All students were required to obtain a negative Covid-19 PCR test within 72 hours before arriving at Middlebury this fall semester, in a change to pre-arrival procedures announced via email on Aug. 17. Students who had not yet received a test result by the time they arrived — those whose results were ultimately inconclusive — were offered a test from Health Services and were required to stay in room quarantine until they received a negative result. The college also provided Covid-19 vaccinations for those who did not have access to the vaccine before returning to campus. For some students, finding pre-arrival testing proved both difficult and costly. Shea Brokaw ’24.5 searched for testing sites along his drive from Southern Connecticut to Middlebury, but was unable to find anywhere with availability. When he finally found a testing site in what he thought was Manchester, Vermont, it turned out to be Manchester, New Hampshire. “I looked in every single town from Connecticut to Middlebury and couldn’t find a single place that would get our results back by Saturday,” Brokaw said. Brokaw and another student, Will Nemeth ’24, both drove four hours out of the way and ultimately paid $200 each for their tests. “Free testing is widely available,” according to the college’s Fall 2021 Semester Information page Q&A about pre-arrival testing. “If you are unable to secure free PCR testing, and the cost of testing presents a significant financial hardship, you may be eligible for assistance.” Last year, students were not required to get tested before coming to campus. Instead, all students were instructed to complete a 14-day pre-arrival quarantine, and were tested by the college upon arrival to campus. Students remained in room quarantine until they received the results of their Day Zero test. The college’s decision to require students to get tested prior to their arrival on campus, as well as an indoor mask requirement, followed a nationwide increase in Covid-19 transmission, said Sarah Ray, director of media relations, in an email to The Campus. Before the policy was announced in August, the college did not plan to require vaccinated students to quarantine or take any other precautionary steps before arriving for the fall semester. Students arriving early to campus were told of the requirement first, on Aug. 17, with orientation leaders slated to move in fewer than 10 days later. Students not arriving early were informed of the pre-arrival testing requirement via email on Aug. 19. Pre-arrival testing identified 16 Covid-positive students, who subsequently delayed coming to campus. Unvaccinated students and students coming from international points of origin were tested by the college several times upon and in the weeks following their arrival. Joshua Gluckmsan ’25 was not required to pay for his test, but still faced difficulties in finding a testing site. He returned to Vermont from Chicago three days before move-in to spend time with his family, and had to find testing in Vermont to meet the 72-hour timeframe requirement. “I was confused because Vermont is like the safest state in the country, but there were no tests,” Glucksman said. After his parents engaged in a long email exchange with the school, they eventually discovered that Glucksman’s Middlebury email address allowed him to claim Middlebury as his permanent address, even though he is not a Vermont resident. He drove about 45 minutes to get tested by the state, and received his results just an hour before arriving at Middlebury. The test itself was free and easy, but the process took a toll on him, and took away from time he had hoped to spend with his family before starting college.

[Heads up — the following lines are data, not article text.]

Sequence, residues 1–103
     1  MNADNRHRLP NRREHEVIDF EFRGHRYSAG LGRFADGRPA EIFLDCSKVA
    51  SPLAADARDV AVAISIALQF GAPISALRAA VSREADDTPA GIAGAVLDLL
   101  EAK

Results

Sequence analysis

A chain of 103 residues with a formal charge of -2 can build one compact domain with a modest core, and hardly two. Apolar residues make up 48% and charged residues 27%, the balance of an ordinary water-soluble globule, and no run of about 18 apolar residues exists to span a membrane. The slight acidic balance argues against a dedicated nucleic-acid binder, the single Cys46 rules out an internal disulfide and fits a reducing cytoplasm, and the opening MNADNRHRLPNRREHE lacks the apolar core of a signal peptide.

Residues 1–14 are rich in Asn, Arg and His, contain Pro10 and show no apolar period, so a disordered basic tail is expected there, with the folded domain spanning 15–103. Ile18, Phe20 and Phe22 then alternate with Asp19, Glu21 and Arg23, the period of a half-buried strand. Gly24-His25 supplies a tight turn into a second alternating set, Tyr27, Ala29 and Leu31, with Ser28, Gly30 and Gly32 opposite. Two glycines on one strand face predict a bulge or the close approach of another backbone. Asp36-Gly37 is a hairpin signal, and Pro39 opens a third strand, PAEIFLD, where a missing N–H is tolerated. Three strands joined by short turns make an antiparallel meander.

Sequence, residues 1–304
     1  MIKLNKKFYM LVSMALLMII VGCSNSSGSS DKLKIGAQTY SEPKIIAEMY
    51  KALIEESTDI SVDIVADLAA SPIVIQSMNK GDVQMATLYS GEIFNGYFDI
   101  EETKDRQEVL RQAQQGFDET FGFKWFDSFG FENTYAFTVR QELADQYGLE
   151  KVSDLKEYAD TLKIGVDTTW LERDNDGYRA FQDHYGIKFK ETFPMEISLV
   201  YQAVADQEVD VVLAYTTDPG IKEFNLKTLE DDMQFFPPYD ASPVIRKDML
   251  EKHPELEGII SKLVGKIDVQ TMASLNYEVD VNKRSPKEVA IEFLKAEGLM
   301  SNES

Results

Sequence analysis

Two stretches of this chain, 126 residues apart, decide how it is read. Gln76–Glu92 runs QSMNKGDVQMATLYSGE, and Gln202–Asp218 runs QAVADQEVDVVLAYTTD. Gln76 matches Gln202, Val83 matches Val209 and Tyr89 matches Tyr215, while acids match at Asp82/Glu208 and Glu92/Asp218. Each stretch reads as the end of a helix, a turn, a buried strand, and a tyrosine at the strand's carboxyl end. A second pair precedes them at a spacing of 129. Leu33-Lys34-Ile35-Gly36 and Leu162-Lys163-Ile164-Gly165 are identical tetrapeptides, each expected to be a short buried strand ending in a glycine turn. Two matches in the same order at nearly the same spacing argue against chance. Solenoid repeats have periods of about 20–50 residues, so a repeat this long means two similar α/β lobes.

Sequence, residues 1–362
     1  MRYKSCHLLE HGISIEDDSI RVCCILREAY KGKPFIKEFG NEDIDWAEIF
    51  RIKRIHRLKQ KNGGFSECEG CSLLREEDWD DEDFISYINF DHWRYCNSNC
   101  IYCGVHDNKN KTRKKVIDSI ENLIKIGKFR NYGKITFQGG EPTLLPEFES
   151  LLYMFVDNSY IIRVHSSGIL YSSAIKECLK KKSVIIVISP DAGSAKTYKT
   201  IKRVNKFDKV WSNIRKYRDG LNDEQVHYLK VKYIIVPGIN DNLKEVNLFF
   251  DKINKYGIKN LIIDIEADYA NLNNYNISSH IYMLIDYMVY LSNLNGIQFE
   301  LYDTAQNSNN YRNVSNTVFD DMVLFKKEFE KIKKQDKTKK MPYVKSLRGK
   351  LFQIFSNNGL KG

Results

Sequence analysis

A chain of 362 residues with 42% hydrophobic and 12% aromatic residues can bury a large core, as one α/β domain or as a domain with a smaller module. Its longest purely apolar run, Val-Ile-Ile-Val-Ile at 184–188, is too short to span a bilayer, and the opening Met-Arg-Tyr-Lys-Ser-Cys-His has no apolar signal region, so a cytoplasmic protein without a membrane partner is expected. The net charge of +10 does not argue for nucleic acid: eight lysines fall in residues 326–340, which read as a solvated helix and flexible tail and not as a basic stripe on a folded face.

Middlebury Senior Technology Specialist Scott Remick was arrested July 7 on federal charges of possesing child pornography. If convicted, he faces up to 10 years in prison and would be required to register as a sex offender. At his preliminary hearing on July 26, he pleaded not guilty. Remick allegedly had images of young children in various restraints, which a hacker discovered and turned over to authorities. The hacker was later granted immunity. According to authorities, the informant also discovered chat files which included exchanges of images of child pornography with someone named “Jeanie,” who the hacker believed to be a teenager. The college declined to comment on Remick’s employment status, but he has most likely been placed on leave. “Middlebury complies with and cooperates in all matters involving lawful requests from authorities,” Director of Media Relations Sarah Ray said in an email to The Campus. “In the rare event of an arrest, we ordinarily place the employee on leave and take other appropriate steps while we gather more information.” Authorities confiscated over 100 hard drives, computers and digital media from Remick, many of which belong to the customers of the computer repair business that he owned, Vermont Geek. Prosecutors have presented no evidence that Remick produced any images himself or had direct contact with any producers. The deadline to file pretrial motions is in November.